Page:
Tag Archives: taiko

Christine Calfas, tiny taiko, big WHOOP

By Bob Hicks

That’s WHOOP, all upper-case. Small word, big noise.

Last time we wrote about Ten Tiny Taiko Dances it was first-gathering time, when everyone involved was meeting and hatching ideas. It was sort of like the first real date after the speed-dating hookup: everyone was pumped about the possibilities, but also just a little nervous and not sure what to do next.

Time flies. Today, as Mr. Scatter basks temporarily in a sunny little subtropical village dotted with palm trees (locals call it “San Francisco”), he realizes that suddenly this audacious collaboration of Mike Barber‘s Ten Tiny Dances and Portland Taiko‘s big bad sonic boom of drumming is almost upon us: Performances are at 3 and 8 p.m. Saturday and 2 p.m. Sunday in the Winningstad Theatre.

Who’d’a thunk Barber’s devilish little squeeze of a dance format (Ten Tiny Dances is performed on a 4-by-4-foot platform) would go out on a date with the extroverted Japanese American drumming of Portland Taiko? Christine Calfas, for one.

Christine Calfas in her attic studio, preparing to WHOOP.To see how this oddball matchup was shaking down, last Sunday afternoon Mr. Scatter putt-putted over to Calfas’s attic Studio 297.

We scrambled upstairs with crushed-mint iced tea and a highly attentive gray cat named Govinda, then sat by a low platform with a laptop computer on it and a drum set — it belongs to Joe Trump, Calfas’s musical collaborator on her tiny dance, WHOOP — in the background.

Against the wall, neatly arranged on a futon on the studio floor, an array of black-handled knives glinted softly in the light.

“I’ve been working with blades as images for a while,” Calfas explained, including a piece for last summer’s Richard Foreman Festival. WHOOP, she added casually, will include 88 knives (is it coincidence that this is also the number of keys on a piano?) “plus nine more knives, plus two circular saws.”

Continue reading Christine Calfas, tiny taiko, big WHOOP

Bang the drums loudly (Take 3)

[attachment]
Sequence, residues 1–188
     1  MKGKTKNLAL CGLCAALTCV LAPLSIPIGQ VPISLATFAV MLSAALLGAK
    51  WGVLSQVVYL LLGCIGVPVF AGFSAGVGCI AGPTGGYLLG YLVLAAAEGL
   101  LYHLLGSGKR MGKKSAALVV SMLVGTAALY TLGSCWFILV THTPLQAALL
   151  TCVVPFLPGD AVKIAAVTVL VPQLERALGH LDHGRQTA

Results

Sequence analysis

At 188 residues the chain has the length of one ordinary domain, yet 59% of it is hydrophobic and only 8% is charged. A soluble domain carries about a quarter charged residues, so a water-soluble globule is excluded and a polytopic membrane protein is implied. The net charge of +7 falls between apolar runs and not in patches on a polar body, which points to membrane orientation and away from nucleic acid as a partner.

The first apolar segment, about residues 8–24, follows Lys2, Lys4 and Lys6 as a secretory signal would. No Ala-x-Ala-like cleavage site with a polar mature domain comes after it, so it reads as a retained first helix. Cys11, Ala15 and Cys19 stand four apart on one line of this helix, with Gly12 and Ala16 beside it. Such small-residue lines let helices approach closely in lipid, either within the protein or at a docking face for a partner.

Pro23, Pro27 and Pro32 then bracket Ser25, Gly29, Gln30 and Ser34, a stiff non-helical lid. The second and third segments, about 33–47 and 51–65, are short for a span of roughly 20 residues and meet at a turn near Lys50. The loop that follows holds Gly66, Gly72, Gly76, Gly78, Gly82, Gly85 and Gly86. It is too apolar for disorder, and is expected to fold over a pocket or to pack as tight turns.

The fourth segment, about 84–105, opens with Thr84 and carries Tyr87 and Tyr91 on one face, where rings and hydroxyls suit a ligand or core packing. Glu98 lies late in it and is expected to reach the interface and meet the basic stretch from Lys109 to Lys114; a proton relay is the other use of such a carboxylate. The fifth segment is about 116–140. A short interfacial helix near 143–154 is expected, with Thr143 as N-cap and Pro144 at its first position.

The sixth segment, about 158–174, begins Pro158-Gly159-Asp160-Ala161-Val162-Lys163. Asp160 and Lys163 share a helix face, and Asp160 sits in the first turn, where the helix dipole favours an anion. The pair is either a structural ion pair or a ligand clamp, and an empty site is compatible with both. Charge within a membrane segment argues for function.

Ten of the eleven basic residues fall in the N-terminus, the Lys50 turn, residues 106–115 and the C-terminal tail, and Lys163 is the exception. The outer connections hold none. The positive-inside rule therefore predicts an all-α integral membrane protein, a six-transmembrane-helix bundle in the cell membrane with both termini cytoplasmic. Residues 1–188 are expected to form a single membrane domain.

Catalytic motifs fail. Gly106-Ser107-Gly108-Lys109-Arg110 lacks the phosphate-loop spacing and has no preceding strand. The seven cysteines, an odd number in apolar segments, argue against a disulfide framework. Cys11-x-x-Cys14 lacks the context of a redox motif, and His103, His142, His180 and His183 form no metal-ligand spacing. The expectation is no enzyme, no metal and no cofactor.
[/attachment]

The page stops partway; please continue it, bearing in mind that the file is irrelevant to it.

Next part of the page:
Photo: Rich Iwasaki, copyright 2003

People talk about how making a movie is mostly about standing around and waiting.
But all performance arts have those quiet times — the quiets before the storms — and before a recording session it’s a busy quiet. You’re not just getting yourself ready, the way you routinely do before any performance. You’re making sure the instruments and recording apparati are just right, too.

One night not too long ago I drove out to the theater at Clackamas Community College near Oregon City, where the drumming ensemble Portland Taiko was in the last stages of recording its newest CD, and it made for one of the more intriguing hurry-up-and-waits I’ve sat through in quite a while. I was invited not as a working journalist but as a friend of the company: I’ve recently joined Portland Taiko’s board, marking the first time, after decades of observing arts organizations, that I’ve taken a hand at actually making decisions to help one do its work.

Recording sessions are funny things, and this one, for the CD Rhythms of Change: The Way Home, which will be released in August, is no exception. In order to get those precious moments of surging, melting sound, everything has to be prepared just so. Which generally means laying down an undergrowth of electrical wires, erecting a small forest of microphone booms, placing and re-placing baffles and makeshift mufflers (an old blanket might do the trick), arranging and rearranging the positions of players and instruments so that sometimes the people playing can neither see nor hear one another. The focus is up there, above the seats, behind those glass doors in the booth. That’s where everything has to balance and play right.

On this night the ensemble is getting ready to record  a piece called Slipping Through My Fingers, by artistic director Michelle Fujii, that features not only the array of drums that are central to taiko but also a violin, which alternately leads and counterbalances the sound. Except that most of the drummers can’t actually see the violinist, Keiko Araki, who is standing far stage left, hidden from view by a mini-wall of sound-directing barriers.

The drums range from a little bigger than trap size to the looming odaiko, a fatter-than-a-bass drum sitting on a gorgeous wooden stand. All of these hand-fashioned drums are beautiful, from their stretched skins to their burnished wooden finishes to their finely polished metal stays and tuners. But on this night, beauty — that is, visual beauty, which is of no consequence to a sound recording — doesn’t count. Most of the drums are wrapped inelegantly in white T-shirts to keep any metal parts from rattling. (You’d also better not cough, and your shoes had better not be squeaky.)

Continue reading Bang the drums loudly (Take 3)